yes, but in his second exemple the OP wrote : $h = { some content }; and that may be legitimate (say to pass a hash reference to a sub). (Even if you are probably right and it is a newbie mistake). –  kriss Mar 12 '10 at 8:32

Syntax to access inner cells for your second example is like:

print $hash->{"a"}{0}{"test"}

That will give you 1 in your example.

If you want to iterate on it, you can do it as follows (print lines are for illustration purposes):

my $hash = {"a"=>{ 0=>{"test"=>1}, 1=>{"test"=>2}, 2=>{"test"=>3}, 3=>{"test"=>4} } };
print "Direct access to item : ".$hash->{"a"}{1}{"test"}."\n";

foreach my $k1 (keys(%$hash)) {
    print "keys of level 1: $k1\n";
    foreach my $k2 (keys(%{$hash->{$k1}})) {
        print "keys of level 2: $k2\n";
        print "values: ".$hash->{$k1}{$k2}{"test"}."\n"

Notice that things are a bit more tricky than necessary because the external $hash is a scalar reference to an anonymous hash. It would be simpler if it was a hash (i.e., like in my %hash = (1, 2); print $hash{1};).

(TIMTOWTDI: there is obviously more than one way to do it; I believe the above example is the simplest for me, but not the most efficient; using each instead of keys for iterating would avoid one unnecessary hash lookup).

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thanks kriss... its working fine :) –  Sourabh Mar 12 '10 at 9:39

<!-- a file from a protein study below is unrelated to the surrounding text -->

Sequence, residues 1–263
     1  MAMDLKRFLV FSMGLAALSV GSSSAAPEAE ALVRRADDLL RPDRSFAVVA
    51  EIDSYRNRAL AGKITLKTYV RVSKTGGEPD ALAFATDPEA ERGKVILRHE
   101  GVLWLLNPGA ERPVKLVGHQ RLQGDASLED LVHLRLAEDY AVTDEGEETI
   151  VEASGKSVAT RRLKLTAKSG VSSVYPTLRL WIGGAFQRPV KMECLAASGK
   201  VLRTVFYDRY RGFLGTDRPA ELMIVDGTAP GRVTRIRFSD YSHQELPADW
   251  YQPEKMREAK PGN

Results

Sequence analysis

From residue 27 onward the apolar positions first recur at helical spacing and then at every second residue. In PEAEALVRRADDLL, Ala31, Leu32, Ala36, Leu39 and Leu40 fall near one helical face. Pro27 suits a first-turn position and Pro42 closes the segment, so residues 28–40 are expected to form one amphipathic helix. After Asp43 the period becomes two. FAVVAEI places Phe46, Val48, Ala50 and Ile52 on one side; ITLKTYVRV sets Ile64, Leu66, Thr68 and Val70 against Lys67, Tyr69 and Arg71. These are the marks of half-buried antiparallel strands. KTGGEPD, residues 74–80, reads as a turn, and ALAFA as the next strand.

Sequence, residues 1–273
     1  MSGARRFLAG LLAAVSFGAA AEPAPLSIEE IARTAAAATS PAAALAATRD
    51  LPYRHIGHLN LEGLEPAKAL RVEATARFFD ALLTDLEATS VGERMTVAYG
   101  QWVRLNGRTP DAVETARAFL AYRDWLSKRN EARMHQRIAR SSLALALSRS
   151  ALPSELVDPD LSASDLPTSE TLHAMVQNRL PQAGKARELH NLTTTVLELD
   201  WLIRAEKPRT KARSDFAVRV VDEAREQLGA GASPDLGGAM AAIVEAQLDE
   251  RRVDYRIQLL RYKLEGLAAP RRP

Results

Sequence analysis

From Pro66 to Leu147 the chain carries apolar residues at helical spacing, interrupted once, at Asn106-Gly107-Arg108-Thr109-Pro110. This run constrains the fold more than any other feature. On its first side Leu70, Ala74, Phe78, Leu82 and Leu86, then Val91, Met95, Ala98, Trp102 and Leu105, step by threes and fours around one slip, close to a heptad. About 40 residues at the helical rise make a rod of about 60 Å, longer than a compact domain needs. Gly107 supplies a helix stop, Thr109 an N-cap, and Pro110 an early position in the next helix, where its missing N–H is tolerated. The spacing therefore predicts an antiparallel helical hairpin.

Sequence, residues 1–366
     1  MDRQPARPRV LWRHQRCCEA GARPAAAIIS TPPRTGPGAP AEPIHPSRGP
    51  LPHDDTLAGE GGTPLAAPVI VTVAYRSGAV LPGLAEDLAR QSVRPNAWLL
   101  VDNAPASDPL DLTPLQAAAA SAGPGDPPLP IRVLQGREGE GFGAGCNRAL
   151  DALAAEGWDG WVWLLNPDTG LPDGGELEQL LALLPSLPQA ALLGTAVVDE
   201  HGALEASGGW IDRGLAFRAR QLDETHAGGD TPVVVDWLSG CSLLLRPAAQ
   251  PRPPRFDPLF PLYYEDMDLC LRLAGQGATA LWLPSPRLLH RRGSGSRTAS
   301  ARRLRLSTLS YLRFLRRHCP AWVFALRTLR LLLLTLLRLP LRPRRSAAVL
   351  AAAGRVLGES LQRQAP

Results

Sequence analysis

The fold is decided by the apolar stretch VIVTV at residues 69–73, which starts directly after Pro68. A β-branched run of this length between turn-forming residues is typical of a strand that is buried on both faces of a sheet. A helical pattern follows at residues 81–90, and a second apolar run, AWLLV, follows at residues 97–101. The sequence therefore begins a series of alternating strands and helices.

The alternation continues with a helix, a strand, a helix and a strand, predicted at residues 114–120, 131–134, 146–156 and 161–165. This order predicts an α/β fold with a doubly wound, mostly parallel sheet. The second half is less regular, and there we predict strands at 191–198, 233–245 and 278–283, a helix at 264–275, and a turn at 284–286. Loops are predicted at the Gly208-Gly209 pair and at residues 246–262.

Most programmers do not write double sigils and repeated arrows. This notation is much more readable: $hash->{'a'}{0}{'test'} –  daxim Mar 12 '10 at 10:32
@daxim: yes, i tried to make it more explicit for beginner but I probably failed on this one. I will change it. –  kriss Mar 12 '10 at 14:04
Recursion is probably too advanced at this stage? –  Duncan Mar 13 '10 at 2:04
@Duncan: probably, but I don't really see where you want to put recursion in that question ? Some example on how to use hashes to make trees or graphs ? –  kriss Mar 13 '10 at 21:17

you can try with this,

while(my ($key,$val)=each %HASH){
print $key," = ",$val,"\n";
while(my ($kkey,$vval)=each %{$HASH{$key}}){
print "   ",$kkey," = ",$vval,"\n";
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Did you try it? What is the result of the first print: print $key," = ",$val,"\n"; –  Toto Dec 16 '14 at 16:13

use keys , values function

@keys = keys %hash ; 

@values = values %hash 
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This should help:

foreach $key (keys %hash)
  print "key is : $key, value is : $hash{$key}\n";